In the past, The Washington Post (WPO) presented investors with a compelling opportunity for above average gains. Warren Buffett saw this potential as WPO is the 13th largest holding in the Berkshire Hathaway (NYSE:BRK.A) (NYSE:BRK.B) portfolio.
The company name could almost be "Washington Post University" as it is primarily an education and training based business. WPO, through its subsidiaries under the Kaplan name, offers a variety of educational services such as certificate, diploma and degree programs through its campus and online. The revenue breakdown for WPO is as follows: 58% education, 18% cable television, 15% newspaper publishing, 8% television broadcasting and 1% other businesses.
The Washington Post typically raises the dividend every year. However, the payout has remained stagnant in certain years. The longest stretch without an increase was from 1991 to 1994. On a positive note, the payout was never decreased year to year. The current yield is 2.9%.
The company does have some challenges to overcome. Total operating revenue decreased 10% from 2010 to 2011. Income from operations also decreased 47% for the same period. Earnings per share suffered a 53% drop.
It looks like losses in Q1 are still tied to the education part of the business, Kaplan. Kaplan revenue decreased 11% in Q1 2012 as compared to Q1 2011. This needs to turn around for WPO as education comprised 58% of total revenue.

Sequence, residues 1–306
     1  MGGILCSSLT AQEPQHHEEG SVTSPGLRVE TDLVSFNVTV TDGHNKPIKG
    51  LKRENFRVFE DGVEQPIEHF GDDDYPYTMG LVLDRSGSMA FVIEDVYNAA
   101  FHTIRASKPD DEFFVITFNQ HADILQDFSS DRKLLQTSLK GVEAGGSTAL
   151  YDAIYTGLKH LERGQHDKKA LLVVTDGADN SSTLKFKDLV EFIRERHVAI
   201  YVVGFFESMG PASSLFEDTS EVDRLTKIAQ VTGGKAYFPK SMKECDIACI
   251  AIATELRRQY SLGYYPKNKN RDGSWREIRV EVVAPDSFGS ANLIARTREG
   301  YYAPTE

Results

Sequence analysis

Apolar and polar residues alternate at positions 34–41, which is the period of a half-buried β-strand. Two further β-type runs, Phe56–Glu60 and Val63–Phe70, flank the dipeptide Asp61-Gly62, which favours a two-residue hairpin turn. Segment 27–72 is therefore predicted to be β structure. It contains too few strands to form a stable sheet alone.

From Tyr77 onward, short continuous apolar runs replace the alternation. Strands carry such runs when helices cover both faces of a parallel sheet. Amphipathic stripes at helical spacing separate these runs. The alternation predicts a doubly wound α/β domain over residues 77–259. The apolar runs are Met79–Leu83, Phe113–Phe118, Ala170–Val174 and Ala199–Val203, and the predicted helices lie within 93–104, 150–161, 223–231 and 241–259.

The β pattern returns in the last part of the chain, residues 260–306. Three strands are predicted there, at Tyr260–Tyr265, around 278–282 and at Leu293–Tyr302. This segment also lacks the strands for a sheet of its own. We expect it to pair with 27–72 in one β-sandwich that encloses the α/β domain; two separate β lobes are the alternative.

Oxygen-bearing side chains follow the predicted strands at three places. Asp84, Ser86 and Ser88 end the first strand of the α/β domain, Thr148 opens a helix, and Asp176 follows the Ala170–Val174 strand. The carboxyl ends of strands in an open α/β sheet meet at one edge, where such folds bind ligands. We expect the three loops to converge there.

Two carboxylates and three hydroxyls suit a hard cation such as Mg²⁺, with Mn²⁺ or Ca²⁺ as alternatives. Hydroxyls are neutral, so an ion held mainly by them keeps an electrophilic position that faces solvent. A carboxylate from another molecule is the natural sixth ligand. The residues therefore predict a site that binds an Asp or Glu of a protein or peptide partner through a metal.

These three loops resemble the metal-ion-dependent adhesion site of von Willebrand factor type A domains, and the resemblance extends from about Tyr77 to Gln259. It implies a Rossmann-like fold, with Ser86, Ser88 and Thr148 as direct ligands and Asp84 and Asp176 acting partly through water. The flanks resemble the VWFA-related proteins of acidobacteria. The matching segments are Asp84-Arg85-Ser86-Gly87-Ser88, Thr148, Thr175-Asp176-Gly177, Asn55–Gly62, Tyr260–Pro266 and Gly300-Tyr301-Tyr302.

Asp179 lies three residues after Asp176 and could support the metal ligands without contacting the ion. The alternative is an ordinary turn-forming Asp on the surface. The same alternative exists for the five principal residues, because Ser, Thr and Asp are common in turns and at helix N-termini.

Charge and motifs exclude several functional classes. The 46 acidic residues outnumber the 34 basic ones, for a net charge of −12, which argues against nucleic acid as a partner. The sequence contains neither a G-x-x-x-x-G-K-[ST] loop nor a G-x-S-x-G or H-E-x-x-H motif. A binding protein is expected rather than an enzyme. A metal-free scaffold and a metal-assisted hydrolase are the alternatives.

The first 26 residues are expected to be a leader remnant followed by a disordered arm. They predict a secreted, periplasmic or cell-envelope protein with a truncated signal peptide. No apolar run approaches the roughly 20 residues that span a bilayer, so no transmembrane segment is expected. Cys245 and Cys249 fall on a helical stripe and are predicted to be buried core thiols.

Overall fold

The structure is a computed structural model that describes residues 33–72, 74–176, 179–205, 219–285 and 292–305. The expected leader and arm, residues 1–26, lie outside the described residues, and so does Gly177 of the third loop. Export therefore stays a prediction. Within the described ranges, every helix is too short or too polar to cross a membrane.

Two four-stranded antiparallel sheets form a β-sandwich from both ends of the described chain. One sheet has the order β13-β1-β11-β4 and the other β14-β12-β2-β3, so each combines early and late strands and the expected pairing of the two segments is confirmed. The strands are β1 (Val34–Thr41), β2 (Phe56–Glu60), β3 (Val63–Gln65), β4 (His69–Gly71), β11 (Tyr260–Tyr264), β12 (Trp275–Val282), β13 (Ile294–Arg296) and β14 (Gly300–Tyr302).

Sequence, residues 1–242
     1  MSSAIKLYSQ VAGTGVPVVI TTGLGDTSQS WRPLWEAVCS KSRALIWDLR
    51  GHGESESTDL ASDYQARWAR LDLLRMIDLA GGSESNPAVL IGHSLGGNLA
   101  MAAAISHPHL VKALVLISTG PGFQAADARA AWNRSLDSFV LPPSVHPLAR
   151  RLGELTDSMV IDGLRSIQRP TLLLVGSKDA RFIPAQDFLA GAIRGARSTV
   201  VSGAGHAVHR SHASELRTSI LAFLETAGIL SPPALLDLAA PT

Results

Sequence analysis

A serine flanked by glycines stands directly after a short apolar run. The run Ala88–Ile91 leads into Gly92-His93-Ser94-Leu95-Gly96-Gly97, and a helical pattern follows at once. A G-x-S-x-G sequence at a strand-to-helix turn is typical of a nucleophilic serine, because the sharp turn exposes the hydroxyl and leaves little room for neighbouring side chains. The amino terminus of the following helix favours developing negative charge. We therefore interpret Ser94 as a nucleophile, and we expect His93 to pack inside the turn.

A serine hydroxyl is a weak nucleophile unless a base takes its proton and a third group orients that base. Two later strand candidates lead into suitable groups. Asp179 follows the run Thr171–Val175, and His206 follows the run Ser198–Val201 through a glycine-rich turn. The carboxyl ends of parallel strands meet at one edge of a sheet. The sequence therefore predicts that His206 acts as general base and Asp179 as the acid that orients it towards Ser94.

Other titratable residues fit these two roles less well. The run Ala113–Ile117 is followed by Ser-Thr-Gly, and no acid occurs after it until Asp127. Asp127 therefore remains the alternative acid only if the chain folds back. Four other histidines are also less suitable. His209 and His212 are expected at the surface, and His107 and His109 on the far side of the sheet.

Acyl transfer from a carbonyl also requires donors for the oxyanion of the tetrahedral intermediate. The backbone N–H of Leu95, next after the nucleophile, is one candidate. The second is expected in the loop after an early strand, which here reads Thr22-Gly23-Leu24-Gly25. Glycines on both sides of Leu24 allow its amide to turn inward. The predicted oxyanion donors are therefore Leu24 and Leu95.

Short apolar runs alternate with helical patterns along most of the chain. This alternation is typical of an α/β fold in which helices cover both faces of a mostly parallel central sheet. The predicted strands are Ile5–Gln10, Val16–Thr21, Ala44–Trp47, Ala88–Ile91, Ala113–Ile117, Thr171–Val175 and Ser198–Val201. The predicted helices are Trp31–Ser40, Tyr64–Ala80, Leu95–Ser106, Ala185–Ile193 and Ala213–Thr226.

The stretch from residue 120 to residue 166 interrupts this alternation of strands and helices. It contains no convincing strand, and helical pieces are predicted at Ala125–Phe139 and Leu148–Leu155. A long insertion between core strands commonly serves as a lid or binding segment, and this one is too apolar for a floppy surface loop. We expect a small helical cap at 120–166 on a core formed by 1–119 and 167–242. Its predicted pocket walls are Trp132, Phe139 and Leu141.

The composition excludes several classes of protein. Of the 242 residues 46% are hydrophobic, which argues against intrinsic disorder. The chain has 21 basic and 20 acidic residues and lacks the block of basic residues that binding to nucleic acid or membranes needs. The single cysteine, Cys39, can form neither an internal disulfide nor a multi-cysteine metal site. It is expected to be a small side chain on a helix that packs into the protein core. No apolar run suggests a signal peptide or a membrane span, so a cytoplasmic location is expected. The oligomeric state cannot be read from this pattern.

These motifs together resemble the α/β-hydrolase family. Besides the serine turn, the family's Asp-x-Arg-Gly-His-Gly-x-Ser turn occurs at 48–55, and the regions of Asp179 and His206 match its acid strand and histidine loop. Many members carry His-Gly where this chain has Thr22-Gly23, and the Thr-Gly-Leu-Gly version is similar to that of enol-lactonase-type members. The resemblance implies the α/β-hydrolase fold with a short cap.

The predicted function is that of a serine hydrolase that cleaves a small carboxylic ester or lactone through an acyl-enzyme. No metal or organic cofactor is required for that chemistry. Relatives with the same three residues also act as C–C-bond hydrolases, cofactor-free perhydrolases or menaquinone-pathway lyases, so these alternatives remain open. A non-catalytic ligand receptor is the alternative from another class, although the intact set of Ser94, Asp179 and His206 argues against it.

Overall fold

The newspaper division revenue decreased 8% for Q1 2012. Cable One experienced no percentage change in revenue, but it had a 13% decrease in operating income for Q1 2012.
This is troubling since the three largest sources of revenue for the company struggle to grow. With the Kaplan division, students enrolled in large numbers two, three and four years ago. However, these large numbers are beginning to graduate. So, Kaplan needs to find a way to increase new enrollments. This is no easy task with education costs rising 5.9% per year.
WPO is undervalued as it trades right around its book value per share. Few stocks can make this claim. However, the ones that do typically have experienced underlying issues that need to be resolved. In WPO's case, this is declining revenue for its largest business.
WPO has beat earnings estimates in three of the last four quarters. However, earnings are expected to decrease 16% this year and 7.6% next year. Potential investors may want to wait for a turnaround in the business before investing. This is the type of company that should be able to rebound for the long-term. A wait and see approach might be the best strategy.
Disclosure: I have no positions in any stocks mentioned, and no plans to initiate any positions within the next 72 hours.